Even if the Pope is right and the birth of Christ didn't come on the day or in the year that historians and theologians have always believed, it doesn't matter one whit. We have celebrated Christ's birth on December 25 for centuries, and will continue to do so at least until he returns.
There is something extra special about Christmas. There is a universality to it that sets it apart from other seasonal celebrations. And nothing can overshadow the anticipation, the excitement, the ambience of Christmas.
With its theme, passed down from generation to generation, of peace on Earth and goodwill to Mankind, it is the one time of the year that brings all the nations, at least of the Western world, together in a common celebration, be it of the birth of Christ, of another year survived, of the beginning of a long holiday, of reunions with family, or simply of the opportunity to shuck off the cares of the world, relax, give and receive gifts, eat, drink and be merry.
It is in particular, and always has been, a time for children. For most it is breathlessly looked forward to the giving (but mainly receiving) of presents; for a relaxing of rules; for a surfeit of sweets without having to eat veges first; for visits from or to seldom-seen relatives; for holidays away from home, new friendships, new adventures.
But, sadly, it would be dishonest not to admit that for many it will be a time of disappointment, of hardship, even of terror, because there is no Christmas tree or Santa Claus, no money for presents and a festive board provided by charity; because mum and dad aren't together anymore; because, perhaps, there is violence or abuse in the home.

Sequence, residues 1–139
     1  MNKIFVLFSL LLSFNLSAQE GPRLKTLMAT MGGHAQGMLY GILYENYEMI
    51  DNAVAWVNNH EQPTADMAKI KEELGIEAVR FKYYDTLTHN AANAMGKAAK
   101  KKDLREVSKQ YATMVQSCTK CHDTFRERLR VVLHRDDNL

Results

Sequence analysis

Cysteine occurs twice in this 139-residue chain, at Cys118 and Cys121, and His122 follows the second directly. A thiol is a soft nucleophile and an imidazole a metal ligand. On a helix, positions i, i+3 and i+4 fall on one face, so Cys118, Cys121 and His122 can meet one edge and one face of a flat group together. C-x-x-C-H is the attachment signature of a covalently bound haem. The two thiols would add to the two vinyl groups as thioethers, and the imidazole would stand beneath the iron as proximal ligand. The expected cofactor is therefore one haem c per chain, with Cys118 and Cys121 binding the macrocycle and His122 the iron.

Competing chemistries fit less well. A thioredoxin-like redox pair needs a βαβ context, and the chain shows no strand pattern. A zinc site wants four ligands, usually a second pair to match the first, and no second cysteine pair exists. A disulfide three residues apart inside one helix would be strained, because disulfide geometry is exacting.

Like nearly all religious festivals, Christmas has over the centuries become an inextricable mixture of the sacred and the secular. And that is what gives it, in this ever-diminishing world, its special and lasting significance.
For, with its unchanging theme of peace on Earth and goodwill to all people, it can be celebrated by everyone, irrespective of race, colour, creed or religious belief. That is its universal and eternal appeal.
Thirteen years ago I was sent a copy of a letter written by a young lad to his grandparents just before Christmas.
I was going through some files the other day when I came across it and was much taken by the fact that his words are as pertinent today as they were then.
In the letter, headed How Could I Bless the World? Ben Candler, then aged 11 and living at Matakana, wrote: "When I say this I think that most of us are the same. Well, this Christmas I know that I have been thinking about me and my family and sometimes thinking that it's not fair that I have to wait until Christmas for my Game Boy.
"But that's enough about me ... Here are some of the presents I would like for others: "Happiness for the sad and food for the hungry; in this world people die every second.
"More hospitals for the ill, peace for the war-ridden, fresh water for the dehydrated.
"Families for those with none or good orphanages for those with no families.
"A pollution-free world, education for a better life, land and cattle, jobs for the jobless and no more drug abuse.
"Shelter for the homeless, beds for the bedless, trees for oxygen, clothes for the naked, places to pray in. And, last of all, to see tomorrow ..."
I have never read a more precise description of the complexities and contrasts, the yearnings and realities of the festive season.
Thus did the wisdom of a child reveal to me the true spirit of Christmas.